Direct popular election would also vastly increase the risk of corruption and electoral disputes. With every vote competing directly against every other vote, dishonest politicians everywhere would have an incentive to engage in fraud on behalf of their parties. And a close race would make the 2000 Florida brouhaha look like a kerfuffle. Every one of the nation's 3,066 counties could expect to be overrun by lawyers demanding recounts.
The effort to institute direct popular election of the President is also likely to go nowhere. That's because the Electoral College benefits two groups of states--sparsely populated ones, whose representation in the College is disproportionately high relative to their populations, and closely divided "swing" states like Florida, Ohio and Pennsylvania, where both parties have a decent shot at winning.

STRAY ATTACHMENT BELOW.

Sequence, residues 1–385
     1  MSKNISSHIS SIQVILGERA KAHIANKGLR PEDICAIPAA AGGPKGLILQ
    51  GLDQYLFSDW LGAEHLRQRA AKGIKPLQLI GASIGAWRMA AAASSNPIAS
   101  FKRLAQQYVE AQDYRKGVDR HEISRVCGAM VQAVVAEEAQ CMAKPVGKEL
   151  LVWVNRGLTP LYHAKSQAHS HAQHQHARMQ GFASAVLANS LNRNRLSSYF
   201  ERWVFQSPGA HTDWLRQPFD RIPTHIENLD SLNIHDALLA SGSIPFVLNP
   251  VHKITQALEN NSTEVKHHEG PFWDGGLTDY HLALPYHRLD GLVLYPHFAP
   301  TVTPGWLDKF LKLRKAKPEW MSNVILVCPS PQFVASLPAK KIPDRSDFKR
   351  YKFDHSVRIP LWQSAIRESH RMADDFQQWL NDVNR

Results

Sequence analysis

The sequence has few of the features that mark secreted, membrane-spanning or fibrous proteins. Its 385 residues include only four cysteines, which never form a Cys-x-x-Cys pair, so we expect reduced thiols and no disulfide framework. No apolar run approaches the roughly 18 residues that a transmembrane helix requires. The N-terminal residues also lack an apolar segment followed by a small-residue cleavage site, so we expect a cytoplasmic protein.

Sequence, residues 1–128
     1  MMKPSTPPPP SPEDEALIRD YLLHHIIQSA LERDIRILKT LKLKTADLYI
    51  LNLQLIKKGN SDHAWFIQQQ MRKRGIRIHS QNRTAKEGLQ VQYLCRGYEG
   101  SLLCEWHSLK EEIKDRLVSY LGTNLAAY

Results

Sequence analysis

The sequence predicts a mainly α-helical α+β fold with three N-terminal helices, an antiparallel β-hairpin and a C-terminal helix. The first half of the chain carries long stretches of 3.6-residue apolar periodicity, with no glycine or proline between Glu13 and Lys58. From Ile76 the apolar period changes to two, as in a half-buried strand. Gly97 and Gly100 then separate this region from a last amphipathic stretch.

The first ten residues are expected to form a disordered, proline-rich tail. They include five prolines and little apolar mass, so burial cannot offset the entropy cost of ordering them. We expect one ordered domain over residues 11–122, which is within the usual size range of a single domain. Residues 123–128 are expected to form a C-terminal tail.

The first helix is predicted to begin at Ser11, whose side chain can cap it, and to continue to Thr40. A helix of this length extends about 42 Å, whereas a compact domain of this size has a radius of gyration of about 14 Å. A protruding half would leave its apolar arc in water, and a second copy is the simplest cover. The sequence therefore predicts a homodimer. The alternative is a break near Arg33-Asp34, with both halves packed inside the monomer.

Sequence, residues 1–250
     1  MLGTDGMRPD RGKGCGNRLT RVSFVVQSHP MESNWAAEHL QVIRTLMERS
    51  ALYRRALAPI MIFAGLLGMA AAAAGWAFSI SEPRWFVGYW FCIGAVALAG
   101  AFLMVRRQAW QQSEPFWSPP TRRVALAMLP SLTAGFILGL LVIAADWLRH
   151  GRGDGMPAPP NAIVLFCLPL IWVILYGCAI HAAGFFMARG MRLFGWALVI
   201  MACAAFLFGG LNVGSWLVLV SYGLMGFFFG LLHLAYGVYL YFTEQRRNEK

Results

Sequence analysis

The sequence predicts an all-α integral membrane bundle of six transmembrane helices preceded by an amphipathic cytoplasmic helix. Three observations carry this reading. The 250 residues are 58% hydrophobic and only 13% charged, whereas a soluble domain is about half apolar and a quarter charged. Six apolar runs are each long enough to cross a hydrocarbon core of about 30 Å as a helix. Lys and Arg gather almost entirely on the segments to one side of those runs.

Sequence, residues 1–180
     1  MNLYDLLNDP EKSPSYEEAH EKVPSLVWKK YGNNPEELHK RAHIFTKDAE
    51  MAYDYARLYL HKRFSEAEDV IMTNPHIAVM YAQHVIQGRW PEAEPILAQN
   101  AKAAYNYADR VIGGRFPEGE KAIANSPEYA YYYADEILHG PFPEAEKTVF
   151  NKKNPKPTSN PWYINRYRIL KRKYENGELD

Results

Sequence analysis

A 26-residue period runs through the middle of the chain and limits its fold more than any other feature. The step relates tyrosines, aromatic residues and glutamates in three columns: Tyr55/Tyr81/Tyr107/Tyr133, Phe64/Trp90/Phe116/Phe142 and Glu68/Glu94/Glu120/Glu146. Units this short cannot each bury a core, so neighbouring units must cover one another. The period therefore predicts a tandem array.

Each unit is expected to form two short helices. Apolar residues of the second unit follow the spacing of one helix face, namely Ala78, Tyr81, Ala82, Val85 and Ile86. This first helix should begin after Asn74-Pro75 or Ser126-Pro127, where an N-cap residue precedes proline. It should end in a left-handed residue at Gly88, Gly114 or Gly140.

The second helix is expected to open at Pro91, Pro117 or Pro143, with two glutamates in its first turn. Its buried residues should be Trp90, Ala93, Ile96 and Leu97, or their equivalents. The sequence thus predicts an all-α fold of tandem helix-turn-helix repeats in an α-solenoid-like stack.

Based on 2000 Census data and election results, only 11 states are both populous and politically monolithic enough that their influence would grow with popular election of the President: California, Texas, New York, Illinois, New Jersey, Georgia, North Carolina, Virginia, Massachusetts, Indiana and Maryland. Amending the Constitution to abolish the Electoral College would require the assent of 38 state legislatures, so at least 27 of them would have to vote against the interests of their own states.